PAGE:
Modern innovations in consumer and business technology mean that the telehealth devices used today are of a much smaller size and have a much greater scope of features than the equipment that was used during the early days of the practice. Patients can wear fitness wristbands and heart rate monitors, and doctors can see real-time results and have face-to-face conversations with their patients over a smartphone.

More science fiction-like designs, such as smart glasses, push the boundaries of technology and health care even further. A digital health startup based at Stanford University has examined how Google Glass can digitally transcribe patient records during a medical exam. Doctors wear the glasses during appointments, and verbal cues can instantly call up the patient’s electronic medical records. The glasses come with a built-in camera and a microphone, which live-stream the conversation so it can be automatically transcribed and saved into the patient’s records.

Big Business in the Golden Age

Telemedicine is being taken very seriously. In 2016, the Department of Health and Human Services’ Health Resources & Services Administration awarded $16 million to four programs to develop the use of telehealth services for veterans and other patients living in rural areas. The money was also allocated to help providers better understand the health care needs of rural communities.

The Associate Administrator for HRSA’s Rural Health Policy stated that the aim of funding telemedicine outreach programs was to invest in collaboration among different providers of health and social services, with a focus on sharing resources, expertise, and innovations.

The late 2010s might be considered a golden age of telemedicine research. Jackson Healthcare predicted a total of 7 million telemedicine users by the end of 2018. Upwards of 90 percent of health care executives reported working on some kind of telehealth delivery platform in 2014.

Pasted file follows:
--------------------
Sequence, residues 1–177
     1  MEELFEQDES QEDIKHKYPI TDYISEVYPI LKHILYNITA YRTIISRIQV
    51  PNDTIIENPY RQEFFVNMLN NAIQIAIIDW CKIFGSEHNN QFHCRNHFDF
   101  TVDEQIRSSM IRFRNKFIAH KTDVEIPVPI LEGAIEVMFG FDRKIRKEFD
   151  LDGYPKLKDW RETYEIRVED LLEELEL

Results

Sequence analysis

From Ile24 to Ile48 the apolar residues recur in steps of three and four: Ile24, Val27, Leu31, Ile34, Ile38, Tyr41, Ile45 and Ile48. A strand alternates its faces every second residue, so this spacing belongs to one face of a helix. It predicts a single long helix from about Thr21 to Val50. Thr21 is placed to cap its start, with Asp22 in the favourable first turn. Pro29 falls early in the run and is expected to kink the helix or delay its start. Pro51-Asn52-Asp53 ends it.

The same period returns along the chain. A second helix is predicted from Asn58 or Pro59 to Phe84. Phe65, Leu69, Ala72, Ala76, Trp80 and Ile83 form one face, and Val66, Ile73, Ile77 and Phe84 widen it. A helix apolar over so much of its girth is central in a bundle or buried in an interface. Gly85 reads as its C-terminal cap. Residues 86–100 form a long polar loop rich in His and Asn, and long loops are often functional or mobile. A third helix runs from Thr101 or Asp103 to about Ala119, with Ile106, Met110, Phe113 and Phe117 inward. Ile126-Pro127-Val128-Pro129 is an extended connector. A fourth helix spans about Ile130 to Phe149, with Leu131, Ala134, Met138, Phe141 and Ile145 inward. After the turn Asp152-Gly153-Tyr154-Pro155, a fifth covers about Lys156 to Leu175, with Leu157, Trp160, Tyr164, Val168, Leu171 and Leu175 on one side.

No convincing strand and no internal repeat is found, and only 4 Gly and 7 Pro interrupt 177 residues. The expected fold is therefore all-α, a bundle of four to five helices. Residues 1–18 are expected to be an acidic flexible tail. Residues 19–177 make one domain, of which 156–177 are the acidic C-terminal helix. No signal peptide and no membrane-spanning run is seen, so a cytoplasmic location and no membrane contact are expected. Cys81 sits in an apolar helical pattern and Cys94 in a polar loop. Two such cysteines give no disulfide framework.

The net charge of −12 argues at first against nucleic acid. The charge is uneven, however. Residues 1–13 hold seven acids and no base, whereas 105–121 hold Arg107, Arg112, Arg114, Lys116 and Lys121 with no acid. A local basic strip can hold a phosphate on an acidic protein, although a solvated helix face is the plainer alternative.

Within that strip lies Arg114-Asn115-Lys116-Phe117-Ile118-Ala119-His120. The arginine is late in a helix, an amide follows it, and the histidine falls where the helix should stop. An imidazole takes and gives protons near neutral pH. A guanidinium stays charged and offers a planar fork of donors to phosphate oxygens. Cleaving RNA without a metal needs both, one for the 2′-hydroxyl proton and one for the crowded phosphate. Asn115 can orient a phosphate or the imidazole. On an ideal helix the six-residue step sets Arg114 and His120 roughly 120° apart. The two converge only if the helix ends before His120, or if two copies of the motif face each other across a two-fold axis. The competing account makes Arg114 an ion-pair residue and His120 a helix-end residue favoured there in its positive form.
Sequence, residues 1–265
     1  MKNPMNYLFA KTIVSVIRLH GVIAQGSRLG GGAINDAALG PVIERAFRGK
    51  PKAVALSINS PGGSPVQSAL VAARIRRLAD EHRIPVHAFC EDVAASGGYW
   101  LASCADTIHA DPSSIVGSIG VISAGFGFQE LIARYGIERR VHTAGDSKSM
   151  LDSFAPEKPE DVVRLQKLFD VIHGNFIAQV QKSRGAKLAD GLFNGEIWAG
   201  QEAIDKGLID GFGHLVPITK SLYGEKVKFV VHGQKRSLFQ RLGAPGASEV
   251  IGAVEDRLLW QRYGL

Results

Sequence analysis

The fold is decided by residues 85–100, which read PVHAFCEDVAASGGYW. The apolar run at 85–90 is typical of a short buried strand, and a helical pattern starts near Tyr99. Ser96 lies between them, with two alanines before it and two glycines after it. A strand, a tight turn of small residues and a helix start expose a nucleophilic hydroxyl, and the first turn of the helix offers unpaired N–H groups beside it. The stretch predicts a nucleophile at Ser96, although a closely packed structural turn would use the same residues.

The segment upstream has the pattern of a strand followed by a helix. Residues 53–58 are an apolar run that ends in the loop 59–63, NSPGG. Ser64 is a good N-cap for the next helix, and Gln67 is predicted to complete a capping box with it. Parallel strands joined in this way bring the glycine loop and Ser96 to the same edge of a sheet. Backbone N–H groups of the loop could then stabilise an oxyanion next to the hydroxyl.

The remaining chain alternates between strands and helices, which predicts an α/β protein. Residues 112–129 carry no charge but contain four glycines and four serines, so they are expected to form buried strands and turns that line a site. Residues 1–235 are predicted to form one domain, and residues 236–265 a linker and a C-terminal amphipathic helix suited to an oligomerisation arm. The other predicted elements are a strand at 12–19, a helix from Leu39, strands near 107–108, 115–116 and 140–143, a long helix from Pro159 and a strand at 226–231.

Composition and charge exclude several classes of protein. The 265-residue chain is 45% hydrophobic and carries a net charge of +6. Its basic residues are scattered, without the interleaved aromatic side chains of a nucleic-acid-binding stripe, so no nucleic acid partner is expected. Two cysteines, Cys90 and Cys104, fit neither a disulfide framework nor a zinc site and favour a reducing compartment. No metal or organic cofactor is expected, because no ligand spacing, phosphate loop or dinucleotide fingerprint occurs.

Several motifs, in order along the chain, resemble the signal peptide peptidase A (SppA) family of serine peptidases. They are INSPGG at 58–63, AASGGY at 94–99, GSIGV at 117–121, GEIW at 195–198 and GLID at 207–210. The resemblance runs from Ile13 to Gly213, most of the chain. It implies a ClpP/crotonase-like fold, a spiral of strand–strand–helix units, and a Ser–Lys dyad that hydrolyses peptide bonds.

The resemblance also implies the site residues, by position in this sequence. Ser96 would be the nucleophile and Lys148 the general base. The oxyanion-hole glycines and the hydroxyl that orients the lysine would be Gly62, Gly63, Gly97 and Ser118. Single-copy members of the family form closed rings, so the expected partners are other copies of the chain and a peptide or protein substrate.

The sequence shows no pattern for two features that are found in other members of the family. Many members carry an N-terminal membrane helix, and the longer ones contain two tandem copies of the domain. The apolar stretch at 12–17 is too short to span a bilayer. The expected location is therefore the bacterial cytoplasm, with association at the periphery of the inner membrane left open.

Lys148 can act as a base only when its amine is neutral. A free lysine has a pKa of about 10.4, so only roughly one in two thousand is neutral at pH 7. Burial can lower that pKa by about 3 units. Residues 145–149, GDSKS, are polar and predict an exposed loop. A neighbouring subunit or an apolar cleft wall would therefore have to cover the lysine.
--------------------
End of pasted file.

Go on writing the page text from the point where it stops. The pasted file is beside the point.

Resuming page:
The Future of Telemedicine

The Journal of Telemedicine and Telecare suggested that the question for the future is when — not if — telemedicine will “become part of the standard of care.” Continuing advancements in technology mean that telemedicine products and services will continue to offer a hard-to-argue alternative to conventional health care, to the point where it might improve clinical outcomes. This is exceptionally the case in industrialized countries, said the journal, where telehealth will shift the focus of health care delivery away from the hospital or clinic and into the home.

This benefit will also extend to developing countries or places where there is limited health care infrastructure. Researchers believe that in the future, telemedicine will be used to improve the connections between providers at health centers and patients in referral hospitals and other locations.

Regardless of where it takes place, the future of telemedicine will be based on technology, economics, and human involvement. Technology and human behavior intersect in many different ways — individually, organizationally, and societally. In places where there are personnel shortages and economic depression, technology-enhanced health care can fill a massive void.

Human Behavior, Technology & Healthcare

The researchers in the Journal of Telemedicine and Telehealth concluded that as technology approaches realms only seen in science fiction — everything from nanotechnology to sensor devices — the way human beings work with that technology and with each other will also change. This means that the way health care is delivered in the future might look nothing like it does now, and it will almost certainly bear no resemblance to the practice of health care in the 20th century.

As communication technologies and information storage grow in scope and functionality, the implications for telemedicine suggest unheard of potential for patients and doctors alike.

References

The Evolution of Telehealth: Where Have We Been and Where Are We Going? (November 2012). The Role of Telehealth in an Evolving Health Care Environment.

Telemedicine Predicted in 1925. (March 2012). Smithsonian.

Evolution and Current Applications of Telemedicine. (1996). Telemedicine: A Guide to Assessing Telecommunications in Health Care.

The Empirical Foundations of Teleradiology and Related Applications: A Review of the Evidence. (November 2016). Telemedicine Journal and E-health.

The STARPAHC Collection: Part of an Archive of the History of Telemedicine. (2007). Journal of Telemedicine and Telecare.

How NASA Uses Telemedicine to Care for Astronauts in Space. (July 2017). Harvard Business Review.

Smart Glasses Deliver Clear View to Remote Physicians. (May 2019). Health Leaders.

Medical Student’s Startup Uses Google Glass to Improve Patient-physician Relationship. (February 2015). Stanford Medicine.

HRSA Awards $16 Million To Expand Telehealth, Other Rural Healthcare Services. (August 2016). Healthcare IT News.

The Rise of Telemedicine: Implications for Doctors in 2018. (February 2018). Medium.

2014 Telemedicine Survey Executive Summary. (November 2014). Foley.

Telemedicine in the Future. (2005). Journal of Telemedicine and Telecare.